Exclusive locks reduce concurrency and should be held for as short a time as possible. Since a thread can block for an indeterminate amount of time, it follows that exclusive locks should not be held by a blocked thread when possible. Locks that should be held by a blocked thread are protecting data structures already protected in the pre-SMPng kernel. Thus, only locks present prior to SMPng should be held by a blocked thread, but new locks should not be held while blocked. The existing locks should be sufficient to cover the cases when an object needs to be locked by a blocked thread. An example of this type of lock would be a lock associated with a file's contents.
Functions that block such as the sleep and cv_wait families of functions should not be called with any locks held. Exceptions to this rule are the Giant lock, the optional interlock lock passed to the function, and locks that can be held by a blocked thread. Since these functions only release the interlock once, they should not be called with the interlock recursively acquired.
Note that it is better to hold a lock for a short period of time when it is not needed than to drop the lock only to reacquire it. Otherwise, the thread may have to block when it tries to reacquire the lock. For example, suppose lock L protects two lists A and B and that the objects on the lists do not need locks since they only have one reference at a time. Then, a section of code may want to remove an object from list A, set a flag in the object, and store the object on list B. The operation of setting the flag does not require a lock due to the nature of the object, thus the code could drop the lock around that operation. However, since the operations to drop and acquire the lock are more expensive than the operation to set a flag, it is better to lock L, remove an object from list A, set the flag in the object, put the object on list B, and then release the lock.
As described earlier, spin mutexes block interrupts while they are held. Thus, holding spin mutexes can increase interrupt latency and should be avoided when possible. Sleep mutexes require a context in case they block, however, so sleep mutexes may not be used in interrupt handlers that do not run in a thread context. Instead, these handlers must use spin mutexes. Spin mutexes may also need to be used in non-interrupt contexts or in threaded interrupt handlers to protect data structures shared with non-threaded interrupt handlers. All other mutexes should be sleep mutexes to avoid increasing interrupt latency. Also note that since locking a sleep mutex may potentially block, a sleep mutex may not be acquired while holding a spin mutex. Unlocking a contested sleep mutex may result in switching to a higher priority thread that was waiting on the mutex. Since we cannot switch while holding a spin mutex, this potential switch must be disabled by passing the MTX_NOSWITCH flag when releasing a sleep mutex while holding a spin mutex.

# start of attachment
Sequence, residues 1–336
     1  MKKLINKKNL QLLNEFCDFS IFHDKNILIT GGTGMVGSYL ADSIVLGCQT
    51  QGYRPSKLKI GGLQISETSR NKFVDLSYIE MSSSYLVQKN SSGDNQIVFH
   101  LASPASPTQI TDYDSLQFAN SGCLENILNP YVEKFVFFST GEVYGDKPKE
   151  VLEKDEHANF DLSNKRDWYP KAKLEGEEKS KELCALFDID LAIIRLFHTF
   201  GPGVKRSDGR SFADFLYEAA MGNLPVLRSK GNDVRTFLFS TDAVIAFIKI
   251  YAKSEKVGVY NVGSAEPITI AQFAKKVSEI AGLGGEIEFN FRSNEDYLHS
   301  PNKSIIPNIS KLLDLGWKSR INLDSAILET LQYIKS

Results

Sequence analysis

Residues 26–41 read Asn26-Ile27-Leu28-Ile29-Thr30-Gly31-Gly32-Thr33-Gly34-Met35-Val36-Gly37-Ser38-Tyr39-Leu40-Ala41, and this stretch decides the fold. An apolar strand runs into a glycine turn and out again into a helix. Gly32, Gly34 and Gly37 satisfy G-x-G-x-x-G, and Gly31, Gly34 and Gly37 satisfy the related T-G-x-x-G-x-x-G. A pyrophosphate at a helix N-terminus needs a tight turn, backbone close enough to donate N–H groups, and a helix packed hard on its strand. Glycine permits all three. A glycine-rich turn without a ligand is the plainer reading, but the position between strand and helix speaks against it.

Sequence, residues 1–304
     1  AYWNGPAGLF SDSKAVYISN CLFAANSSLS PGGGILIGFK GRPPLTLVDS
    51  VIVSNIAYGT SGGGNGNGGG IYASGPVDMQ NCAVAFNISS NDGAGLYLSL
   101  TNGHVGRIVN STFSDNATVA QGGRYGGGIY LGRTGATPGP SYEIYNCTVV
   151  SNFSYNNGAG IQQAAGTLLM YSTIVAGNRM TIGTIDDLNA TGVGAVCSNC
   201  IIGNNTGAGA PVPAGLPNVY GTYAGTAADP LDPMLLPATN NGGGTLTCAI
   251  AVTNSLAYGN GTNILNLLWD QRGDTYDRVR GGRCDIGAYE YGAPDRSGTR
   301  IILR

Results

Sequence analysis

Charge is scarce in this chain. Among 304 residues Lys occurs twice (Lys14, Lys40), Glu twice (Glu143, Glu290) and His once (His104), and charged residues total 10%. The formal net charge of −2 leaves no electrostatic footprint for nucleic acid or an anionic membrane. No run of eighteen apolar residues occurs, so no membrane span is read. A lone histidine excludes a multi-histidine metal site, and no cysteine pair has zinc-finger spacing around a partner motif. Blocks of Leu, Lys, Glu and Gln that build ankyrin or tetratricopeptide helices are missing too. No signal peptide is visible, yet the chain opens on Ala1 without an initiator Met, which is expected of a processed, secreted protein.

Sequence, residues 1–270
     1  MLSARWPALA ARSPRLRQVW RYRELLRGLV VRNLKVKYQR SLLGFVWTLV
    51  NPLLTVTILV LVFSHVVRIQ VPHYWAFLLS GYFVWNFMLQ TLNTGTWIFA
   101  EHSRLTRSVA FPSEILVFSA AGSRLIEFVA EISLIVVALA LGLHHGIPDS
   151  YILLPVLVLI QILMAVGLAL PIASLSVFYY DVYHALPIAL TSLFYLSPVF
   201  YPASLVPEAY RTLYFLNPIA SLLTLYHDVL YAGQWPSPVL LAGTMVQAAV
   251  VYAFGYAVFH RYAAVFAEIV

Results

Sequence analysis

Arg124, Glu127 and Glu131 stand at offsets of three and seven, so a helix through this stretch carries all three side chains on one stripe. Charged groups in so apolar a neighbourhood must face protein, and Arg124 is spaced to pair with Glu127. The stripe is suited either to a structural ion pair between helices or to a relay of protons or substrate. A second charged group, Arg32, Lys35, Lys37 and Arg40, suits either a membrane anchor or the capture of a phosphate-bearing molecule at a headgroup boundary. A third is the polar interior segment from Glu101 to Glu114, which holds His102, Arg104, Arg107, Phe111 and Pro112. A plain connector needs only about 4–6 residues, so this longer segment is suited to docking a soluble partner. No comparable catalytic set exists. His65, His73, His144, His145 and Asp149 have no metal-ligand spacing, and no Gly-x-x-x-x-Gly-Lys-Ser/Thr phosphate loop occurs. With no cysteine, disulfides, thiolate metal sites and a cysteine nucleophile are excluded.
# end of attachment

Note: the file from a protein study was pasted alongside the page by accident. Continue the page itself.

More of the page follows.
Data objects protected by locks must be protected for both reads and writes. Specifically, if a data object needs to be locked when writing to the object, it also needs to be locked when reading from the object. However, a read lock does not have to be as strong as a write lock. A read lock simply needs to ensure that the data it is reading is coherent and up to date. Memory barriers within the locks guarantee that the data is not stale. All that remains for a read lock is that the lock block all writers until it is released. A write lock, on the other hand, must block all readers in addition to meeting the requirements of a read lock. Note that a write lock is always sufficient protection for reading.
Read locks and write locks can be implemented in several ways. If an object is protected by a mutex, then the mutex must be held for read and write locks. If an object is protected by an sx lock, then a shared lock is sufficient for reading, but an exclusive lock is required for writing. If an object is protected by multiple locks, then a read lock of at least one of the locks is sufficient for reading, but a write lock of all locks is required for writing.
An example of this method is the pointer to the parent process within a process structure. This pointer is protected by both the proctree_lock sx lock and the per-process mutex. Thus, to read the parent process pointer, one only needs to either grab a shared or exclusive lock of the proctree_lock or lock the process structure itself. However, to set the parent process pointer, both locks must be locked exclusively. Thus, the inferior function asserts that the proctree_lock is locked while it walks up the process tree seeing if a specified process is a child of the current process, while psignal simply needs to lock the child process to read the parent process pointer while posting SIGCHLD to the parent. However, when re-parenting a process, both the child process and the process tree must be exclusively locked.